Magazine article The Advocate (The national gay & lesbian newsmagazine)

Legal Crusader: A Trans Lawyer since the 1980s, Phyllis Frye Has Had Her Struggles. Life Is Sweeter Now That She's a Named Partner at a Houston Law Firm

Magazine article The Advocate (The national gay & lesbian newsmagazine)

Legal Crusader: A Trans Lawyer since the 1980s, Phyllis Frye Has Had Her Struggles. Life Is Sweeter Now That She's a Named Partner at a Houston Law Firm

Article excerpt

When Phyllis Randolph Frye came out as transgender in 1974 and began transitioning in 1976 to become a woman, it was illegal to cross-dress in Houston, The city ordinance, which barred a "person from appearing in public dressed with the intent to disguise his or her sex as that of the opposite sex." didn't just apply to men who wore women's clothes; it applied equally to women wearing men's jeans. But, of course, it was only used as an extra stick to wield against the LGBT community then.

Now 59, Frye initiated an effort in 1976 to repeal the law. Four years later, after leading a sustained campaign of letter-writing, meetings, and activism, Frye got the city council to kill the ordinance by using tactical maneuvers to circumvent transphobic politicians of the day.

It was an incredible accomplishment for a third-year law student at the University of Houston. After graduating in 1981, though, Frye had no job offers and would spend the next five years selling Amway and doing a bit of consulting for a gay-owned architecture firm. It wasn't until 1986 that Frye took on her first major client and set out on her own as an attorney.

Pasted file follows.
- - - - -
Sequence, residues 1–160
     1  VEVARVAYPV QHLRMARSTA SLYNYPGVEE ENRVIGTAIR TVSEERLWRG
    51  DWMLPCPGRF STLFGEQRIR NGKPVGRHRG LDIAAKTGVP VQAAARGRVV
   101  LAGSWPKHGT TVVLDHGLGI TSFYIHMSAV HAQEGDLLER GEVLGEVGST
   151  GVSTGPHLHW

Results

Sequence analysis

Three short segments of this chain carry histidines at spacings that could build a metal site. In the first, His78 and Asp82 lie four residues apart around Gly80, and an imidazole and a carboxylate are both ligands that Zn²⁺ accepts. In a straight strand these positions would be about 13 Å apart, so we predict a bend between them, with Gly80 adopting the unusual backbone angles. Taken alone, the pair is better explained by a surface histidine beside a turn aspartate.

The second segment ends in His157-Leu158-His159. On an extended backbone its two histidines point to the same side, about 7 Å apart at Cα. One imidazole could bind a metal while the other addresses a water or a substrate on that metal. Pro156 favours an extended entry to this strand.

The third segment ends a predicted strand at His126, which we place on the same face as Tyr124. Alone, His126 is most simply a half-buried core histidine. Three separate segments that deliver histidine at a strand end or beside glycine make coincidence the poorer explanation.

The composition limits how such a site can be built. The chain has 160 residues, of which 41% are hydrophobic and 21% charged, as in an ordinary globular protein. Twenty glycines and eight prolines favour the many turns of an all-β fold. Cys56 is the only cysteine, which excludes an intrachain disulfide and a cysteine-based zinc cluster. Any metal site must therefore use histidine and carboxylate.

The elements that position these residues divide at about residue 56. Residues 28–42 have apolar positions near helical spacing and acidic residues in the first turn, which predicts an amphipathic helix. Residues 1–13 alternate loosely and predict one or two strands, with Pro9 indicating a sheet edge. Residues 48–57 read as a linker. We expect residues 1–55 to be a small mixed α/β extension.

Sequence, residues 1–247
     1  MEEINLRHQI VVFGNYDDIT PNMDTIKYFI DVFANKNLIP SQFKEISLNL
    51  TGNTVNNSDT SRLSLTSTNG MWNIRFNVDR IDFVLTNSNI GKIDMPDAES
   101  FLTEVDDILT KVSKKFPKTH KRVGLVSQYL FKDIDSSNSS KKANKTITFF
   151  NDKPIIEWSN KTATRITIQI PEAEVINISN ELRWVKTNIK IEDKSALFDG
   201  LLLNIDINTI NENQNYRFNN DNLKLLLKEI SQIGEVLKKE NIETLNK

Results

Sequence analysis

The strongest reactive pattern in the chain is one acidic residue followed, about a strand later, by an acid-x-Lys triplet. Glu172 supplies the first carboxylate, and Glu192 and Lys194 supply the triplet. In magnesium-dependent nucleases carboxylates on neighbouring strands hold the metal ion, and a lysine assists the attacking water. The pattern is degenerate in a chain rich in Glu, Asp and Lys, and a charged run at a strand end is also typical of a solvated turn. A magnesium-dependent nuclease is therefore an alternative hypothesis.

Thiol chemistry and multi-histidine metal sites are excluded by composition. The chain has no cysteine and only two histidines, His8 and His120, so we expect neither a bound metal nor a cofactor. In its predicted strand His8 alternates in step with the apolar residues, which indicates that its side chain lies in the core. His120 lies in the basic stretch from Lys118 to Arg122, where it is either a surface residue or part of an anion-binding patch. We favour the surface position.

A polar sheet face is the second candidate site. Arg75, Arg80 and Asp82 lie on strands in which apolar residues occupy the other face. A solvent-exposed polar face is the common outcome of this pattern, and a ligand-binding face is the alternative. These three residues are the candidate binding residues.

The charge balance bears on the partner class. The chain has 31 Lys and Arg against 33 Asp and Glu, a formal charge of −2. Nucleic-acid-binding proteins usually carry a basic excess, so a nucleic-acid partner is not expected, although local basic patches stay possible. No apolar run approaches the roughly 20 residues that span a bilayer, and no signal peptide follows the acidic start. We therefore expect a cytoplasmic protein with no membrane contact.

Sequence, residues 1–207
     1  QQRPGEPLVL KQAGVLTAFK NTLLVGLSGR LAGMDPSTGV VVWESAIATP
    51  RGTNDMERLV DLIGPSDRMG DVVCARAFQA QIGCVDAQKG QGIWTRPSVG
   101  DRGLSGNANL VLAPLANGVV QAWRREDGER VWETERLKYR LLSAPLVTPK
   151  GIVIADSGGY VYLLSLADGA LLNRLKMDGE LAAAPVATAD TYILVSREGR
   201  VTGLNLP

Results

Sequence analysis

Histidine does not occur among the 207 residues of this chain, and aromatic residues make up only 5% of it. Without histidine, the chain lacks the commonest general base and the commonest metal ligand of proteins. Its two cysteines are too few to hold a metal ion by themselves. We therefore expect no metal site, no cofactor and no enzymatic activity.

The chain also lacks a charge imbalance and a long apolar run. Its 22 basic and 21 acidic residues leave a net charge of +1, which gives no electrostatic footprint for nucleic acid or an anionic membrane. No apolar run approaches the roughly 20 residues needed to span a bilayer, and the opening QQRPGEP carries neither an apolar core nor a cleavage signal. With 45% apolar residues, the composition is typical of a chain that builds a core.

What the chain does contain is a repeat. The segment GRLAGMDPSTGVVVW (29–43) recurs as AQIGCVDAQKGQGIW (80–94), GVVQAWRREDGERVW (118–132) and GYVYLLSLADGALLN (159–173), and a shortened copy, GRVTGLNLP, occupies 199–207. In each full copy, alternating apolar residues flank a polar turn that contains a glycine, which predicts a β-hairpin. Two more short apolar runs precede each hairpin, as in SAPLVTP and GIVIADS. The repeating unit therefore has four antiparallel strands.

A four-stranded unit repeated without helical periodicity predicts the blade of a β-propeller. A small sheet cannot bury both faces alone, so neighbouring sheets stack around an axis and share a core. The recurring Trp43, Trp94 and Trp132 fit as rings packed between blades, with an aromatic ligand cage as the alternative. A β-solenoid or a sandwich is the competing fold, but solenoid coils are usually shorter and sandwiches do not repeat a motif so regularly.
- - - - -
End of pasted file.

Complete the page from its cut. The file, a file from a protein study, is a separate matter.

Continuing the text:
Fast-forward 20 years and Phyllis Frye is now a named partner at the fast-growing Houston firm of Nechman, Simoneaux, and Frye, PLLC. John Nech man and Jerry Simoneaux were both well-known in the local LGBT community when they started their firm in the spring of 2004. About a week after they'd drawn up the paperwork to setup the partnership, Simoneaux told Frye about the new firm when they were going to a legal function together. She wanted to team up with them, and the men jumped at the chance and redid the documents. The firm is one of a very few to have a transgender full partner.

For Frye it was the culmination of a dynamic but highly stressful legal career. "As nice as people were in the gay and lesbian legal community--and as helpful as many of them were--there was no one who would really mentor me," she recalls. "No one was interested in hiring me or bringing me into their firm as a puppy lawyer, so I had no choice but to slug it out on my own."

Slugging it out on her own meant founding the Transgender Law Conference in 1991. It meant leading the years-long effort to put teeth into the T of the major LGBT rights groups. It meant fighting hundreds of court battles for transgender men and women seeking something as simple as a correct driver's license. …

Search by... Author
Show... All Results Primary Sources Peer-reviewed

Oops!

An unknown error has occurred. Please click the button below to reload the page. If the problem persists, please try again in a little while.